Finally, brothers and sisters, pray for us, so that the word of the Lord may speed forward and be glorified, as it did among you, and that we may be delivered from perverse and wicked people, for not all have faith. (2 Thes 3:1-2)
The New Evangelization is risky business. We the Church living in modern times are asked to bring modern man into the Church by engaging modernity. Direct engagement by the Church is nothing new. It has been the evangelical approach of the Church ever since the missionary activities of Ss. Peter and Paul. The peril of engagement however has always been (since apostolic times) how to “disengage” when one draws too close to the world and to its spiritually-diminishing influence.
We read in the Old Testament how Israel entered the promised land of Canaan under the instruction of God. The Israelites were directed to destroy all remnants of the pagan faith in order to avoid coming under their influence. Modern sensibilities may find such violence disturbing; however we should understand that the land of Canaan had been irreparably desecrated through idolatry. Israel was sent into Canaan to be an instrument of justice in the same way the staff of Moses treated the heathen pride of Egypt. Israel was forged in the desert of Sinai with God’s law so that it might bring spiritual purity into an land thoroughly obdurate in rebellious impurity.
Upon escaping from Egypt, the children of Jacob formed a covenant with God so that upon entering Canaan they would make it into and keep it as a holy land. Through the sincere practice of the Ten Commandments the Israelites were to purify not only the land they beheld, but the earth itself by becoming a light to the nations (Is 42:6). However, not long after Joshua died the Israelites began to lose their way (Judg 2:1-2). Even their wisest king, Solomon, fell under idol worship (1 Kg 11:1-6). Sadly, the ancestors of the Israelites escaped the bondage of Egyptian paganism only to have their descendants return to it whole heartedly through Canaanite heathenism.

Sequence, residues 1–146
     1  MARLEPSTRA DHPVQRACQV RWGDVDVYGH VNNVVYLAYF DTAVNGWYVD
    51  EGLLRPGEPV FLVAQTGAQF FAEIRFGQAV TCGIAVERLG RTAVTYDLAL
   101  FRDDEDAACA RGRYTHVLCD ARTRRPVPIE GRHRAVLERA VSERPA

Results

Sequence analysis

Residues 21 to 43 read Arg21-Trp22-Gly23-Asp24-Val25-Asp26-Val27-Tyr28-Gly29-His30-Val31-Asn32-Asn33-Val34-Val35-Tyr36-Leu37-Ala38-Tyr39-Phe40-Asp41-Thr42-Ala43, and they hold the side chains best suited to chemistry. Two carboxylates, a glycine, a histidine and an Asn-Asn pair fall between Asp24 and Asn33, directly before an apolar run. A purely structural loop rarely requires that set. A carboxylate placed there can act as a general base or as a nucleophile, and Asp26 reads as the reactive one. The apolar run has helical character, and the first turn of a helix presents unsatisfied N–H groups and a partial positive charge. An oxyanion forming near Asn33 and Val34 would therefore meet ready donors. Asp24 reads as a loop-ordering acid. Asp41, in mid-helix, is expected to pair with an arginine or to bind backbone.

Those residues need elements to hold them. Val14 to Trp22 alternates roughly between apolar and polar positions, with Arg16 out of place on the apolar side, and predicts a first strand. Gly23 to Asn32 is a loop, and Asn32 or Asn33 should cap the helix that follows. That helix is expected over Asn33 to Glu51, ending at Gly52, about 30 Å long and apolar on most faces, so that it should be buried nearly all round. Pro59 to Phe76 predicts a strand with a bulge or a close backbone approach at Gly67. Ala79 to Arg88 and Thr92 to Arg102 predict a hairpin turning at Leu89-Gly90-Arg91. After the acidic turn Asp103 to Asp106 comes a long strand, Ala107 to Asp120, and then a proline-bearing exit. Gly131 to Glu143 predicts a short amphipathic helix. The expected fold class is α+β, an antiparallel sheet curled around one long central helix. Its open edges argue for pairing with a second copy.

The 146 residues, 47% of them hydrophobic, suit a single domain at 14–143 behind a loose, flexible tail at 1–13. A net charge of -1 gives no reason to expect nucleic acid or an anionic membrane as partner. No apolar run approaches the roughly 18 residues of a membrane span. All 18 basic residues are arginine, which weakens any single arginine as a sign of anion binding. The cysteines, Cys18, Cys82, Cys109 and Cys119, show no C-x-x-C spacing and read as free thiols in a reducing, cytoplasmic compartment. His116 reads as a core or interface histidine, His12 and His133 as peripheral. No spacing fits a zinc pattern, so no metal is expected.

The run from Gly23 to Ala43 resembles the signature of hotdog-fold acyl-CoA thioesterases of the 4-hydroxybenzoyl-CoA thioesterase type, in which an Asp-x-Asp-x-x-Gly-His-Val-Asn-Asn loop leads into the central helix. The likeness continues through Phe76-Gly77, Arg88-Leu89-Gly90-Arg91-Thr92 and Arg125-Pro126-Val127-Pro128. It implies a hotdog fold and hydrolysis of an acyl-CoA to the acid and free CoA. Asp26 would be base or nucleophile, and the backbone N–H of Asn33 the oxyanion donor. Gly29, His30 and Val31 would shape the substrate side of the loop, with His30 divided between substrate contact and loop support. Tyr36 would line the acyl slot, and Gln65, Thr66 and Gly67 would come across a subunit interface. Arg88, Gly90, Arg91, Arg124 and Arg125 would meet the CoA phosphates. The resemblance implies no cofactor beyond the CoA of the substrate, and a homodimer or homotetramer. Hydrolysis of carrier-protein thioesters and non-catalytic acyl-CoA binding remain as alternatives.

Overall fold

In today’s reading, just as Paul prays for the evangelization of the Word, he also prays that he and his flock may escape the idolatry of the world. Paul makes it clear that those who do not have faith are always at risk of falling into perversity and wickedness. Not only this, but Paul asks for prayers so that he might be delivered from the wicked.
Thus, in accord with our quotation above taken from today’s second reading, we place on our bulletin cover for this 32nd Sunday in Ordinary Time a work by the Dutch Master, Albrecht Durer, entitled Lot’s Escape (1496). This work leaps forward out of the somber Northern Renaissance and into the glow of fantasy literature with its mellifluous colors and its fantastic imagery. It as if Durer has painted a fable for us. This is not far from the truth as he uses the historical event of the escape of Lot from Sodom as a lesson of encouragement to all Christians to abandon lifestyles of sin and friendships that trap one in sin.
As we go forward to evangelize the world we must often move among an irrational and faithless people. Therefore, just as Jesus told his apostles to move on and shake the dust from their feet, so too must we never settle down by pitching our tents in sloth among the wayward (2 Cor 5:1-4).
-Steve Guillotte, Director of Pastoral Services